Tomato-Flavored Béarnaise:
Peel and seed 1 ripe tomato, then coarsely chop it. Melt 2 or 3 tablespoons unsalted butter in a small skillet. Add the tomato and sauté for 3 minutes over medium heat. Stir in 1 tablespoon tomato paste and bring to a boil. Mash well and let cool, then mix into the Béarnaise sauce.

My Tomato Béarnaise Sauce:
Since I was making the Blender Hollandiase and thought it best to add it last, I made the Béarnaise Sauce up to the point of adding the Hollandaise, and then in the same pan, added the ingredients for the Tomato-Flavored Béarnaise and followed the cooking instructions. While the sauce cooled, I made the Blender Hollandiase and once it was finished, I stirred my cooled Tomato Béarnaise into it, along with the chopped fresh tarragon and parsley and served it warm over the poached fish.

Notes/Results: By making the hollandaise in the blender (I made about third of the recipe amount) and combining the other sauces into one pan, I probably violated all the basic laws of French sauce preparation, but it certainly came together quickly and deliciously on a hot evening so I have no regrets. ;-) The sauce was rich, silky, buttery with the bright acidity from the tomato and vinegar keeping it from being cloying over the rich salmon. Poaching the (King) salmon resulted in very tender, moist fish which was perfect to compliment the flavorful sauce. Since the sauce and salmon are both heavy, I dressed some sliced baby romaine and cherry tomatoes with a touch of lemon juice and served the salmon and sauce over it. The sauce acted as a dressing for the salad as well as the fish and lightened things up slightly. Although it took a couple of burners and a blender to make, the time in the kitchen was pretty minimal for such a great dish--always a bonus in my book. I will happily make the sauces, the poached fish, and this entire dish again.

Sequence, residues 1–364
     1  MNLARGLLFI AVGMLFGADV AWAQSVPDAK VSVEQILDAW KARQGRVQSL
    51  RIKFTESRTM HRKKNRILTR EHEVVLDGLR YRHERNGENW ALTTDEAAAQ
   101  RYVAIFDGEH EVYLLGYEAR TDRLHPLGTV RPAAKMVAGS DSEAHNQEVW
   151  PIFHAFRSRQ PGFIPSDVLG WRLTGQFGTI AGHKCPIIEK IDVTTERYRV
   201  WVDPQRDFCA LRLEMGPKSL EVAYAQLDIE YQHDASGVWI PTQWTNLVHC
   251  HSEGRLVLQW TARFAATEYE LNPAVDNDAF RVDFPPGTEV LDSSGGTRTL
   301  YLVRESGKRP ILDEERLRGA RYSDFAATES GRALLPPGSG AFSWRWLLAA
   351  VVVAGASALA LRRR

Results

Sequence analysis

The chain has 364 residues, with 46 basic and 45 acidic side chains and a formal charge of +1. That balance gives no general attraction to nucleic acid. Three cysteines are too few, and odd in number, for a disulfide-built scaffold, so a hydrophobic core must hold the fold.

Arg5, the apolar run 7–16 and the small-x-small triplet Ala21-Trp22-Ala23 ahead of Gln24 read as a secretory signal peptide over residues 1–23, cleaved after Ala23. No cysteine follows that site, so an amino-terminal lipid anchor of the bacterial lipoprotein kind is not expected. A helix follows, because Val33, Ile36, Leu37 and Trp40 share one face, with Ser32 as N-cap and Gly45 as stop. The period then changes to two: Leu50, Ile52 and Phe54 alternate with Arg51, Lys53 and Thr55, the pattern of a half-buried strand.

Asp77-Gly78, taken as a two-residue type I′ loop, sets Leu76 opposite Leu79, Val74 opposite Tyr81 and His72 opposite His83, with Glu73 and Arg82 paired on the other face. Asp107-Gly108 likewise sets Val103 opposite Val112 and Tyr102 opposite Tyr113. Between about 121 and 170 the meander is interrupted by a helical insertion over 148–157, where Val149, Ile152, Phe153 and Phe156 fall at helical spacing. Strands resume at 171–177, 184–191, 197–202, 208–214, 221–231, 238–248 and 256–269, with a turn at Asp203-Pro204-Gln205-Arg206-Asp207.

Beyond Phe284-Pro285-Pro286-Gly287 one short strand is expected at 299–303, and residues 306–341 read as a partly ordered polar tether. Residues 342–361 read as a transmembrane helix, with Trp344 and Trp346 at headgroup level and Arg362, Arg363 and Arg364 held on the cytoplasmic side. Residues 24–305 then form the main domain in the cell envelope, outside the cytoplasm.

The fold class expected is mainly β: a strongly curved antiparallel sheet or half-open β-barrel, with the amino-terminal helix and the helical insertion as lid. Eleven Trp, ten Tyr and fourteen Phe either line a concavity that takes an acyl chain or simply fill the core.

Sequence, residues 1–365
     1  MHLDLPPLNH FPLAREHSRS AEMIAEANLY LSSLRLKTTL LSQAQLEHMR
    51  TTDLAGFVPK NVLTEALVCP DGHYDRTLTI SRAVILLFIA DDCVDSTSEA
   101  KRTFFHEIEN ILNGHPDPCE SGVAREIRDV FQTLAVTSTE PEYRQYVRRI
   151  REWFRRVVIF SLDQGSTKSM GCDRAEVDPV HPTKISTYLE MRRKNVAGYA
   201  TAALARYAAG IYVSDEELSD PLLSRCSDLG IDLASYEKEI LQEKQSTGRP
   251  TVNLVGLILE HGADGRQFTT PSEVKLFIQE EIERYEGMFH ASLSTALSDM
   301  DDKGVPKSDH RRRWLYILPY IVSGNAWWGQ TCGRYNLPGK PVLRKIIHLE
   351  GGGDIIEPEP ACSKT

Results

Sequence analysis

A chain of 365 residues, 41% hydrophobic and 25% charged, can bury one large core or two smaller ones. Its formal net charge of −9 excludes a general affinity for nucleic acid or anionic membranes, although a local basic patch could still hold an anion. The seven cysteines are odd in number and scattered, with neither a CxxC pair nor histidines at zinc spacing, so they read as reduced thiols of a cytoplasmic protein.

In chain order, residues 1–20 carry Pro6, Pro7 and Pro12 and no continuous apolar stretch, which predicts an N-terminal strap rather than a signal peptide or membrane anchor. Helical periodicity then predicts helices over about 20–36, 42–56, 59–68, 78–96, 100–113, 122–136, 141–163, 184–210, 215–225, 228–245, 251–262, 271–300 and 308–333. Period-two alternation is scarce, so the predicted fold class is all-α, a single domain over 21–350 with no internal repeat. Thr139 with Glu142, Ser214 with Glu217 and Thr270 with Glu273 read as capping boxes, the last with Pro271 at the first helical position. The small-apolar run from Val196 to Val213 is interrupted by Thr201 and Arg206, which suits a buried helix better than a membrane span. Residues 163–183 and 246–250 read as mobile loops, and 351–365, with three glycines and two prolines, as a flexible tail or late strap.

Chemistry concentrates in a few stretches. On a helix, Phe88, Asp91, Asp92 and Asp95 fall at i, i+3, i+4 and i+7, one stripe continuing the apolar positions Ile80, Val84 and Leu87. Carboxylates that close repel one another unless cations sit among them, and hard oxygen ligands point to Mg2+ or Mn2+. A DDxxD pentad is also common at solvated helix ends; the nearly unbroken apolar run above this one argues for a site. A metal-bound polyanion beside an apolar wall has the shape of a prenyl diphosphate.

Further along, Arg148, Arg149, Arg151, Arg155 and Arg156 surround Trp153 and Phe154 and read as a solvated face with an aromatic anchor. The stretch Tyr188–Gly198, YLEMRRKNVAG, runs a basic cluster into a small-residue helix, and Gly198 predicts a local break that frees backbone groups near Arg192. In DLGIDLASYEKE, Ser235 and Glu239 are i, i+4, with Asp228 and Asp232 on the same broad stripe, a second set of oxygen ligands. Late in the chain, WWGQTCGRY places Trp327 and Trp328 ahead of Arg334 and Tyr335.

You can see what sauces everyone made and how they used them by checking out the picture links of The Mother of All Sauces! post at IHCC.



  1. Your sauce for the salmon looks very inviting. Amazing how a sauce can change the entire taste. Looks delicious

  2. This looks soooo good! That generous slab of salmon is so inviting. Plus the sauce. Delicious! :)

  3. Tomato bearnaise sounds so good! Sometimes I pull back from making bearnaise because I can't bring myself to admit I basically want to dunk steak in butter. Adding tomato would help me get around that!

  4. Any sauce that can be made is a blender, is a sauce I like the sound of!

  5. This sauce has all the wonderful flavors and texture: creaminess of the butter, freshness of the herb and the tartness of the seasonal tomatoes. It will elevate any dish. Thanks for bring it to us!

  6. I'm pretty certain I could eat that tomato bearnaise over anything! It looks truly incredible. I've been such a lazy cook lately and I just couldn't bring myself to be bothered with a hollandaise, much less a bearnaise, and then tomato at that. Hats off to you :)

    By the way, I think that is the most incredible piece of salmon I've ever seen. I really wish we had great fish and seafood available here. The pieces I buy never look that nice.

  7. Yum! Salmon. And cannot wait to try this easy, perfect hollandaise.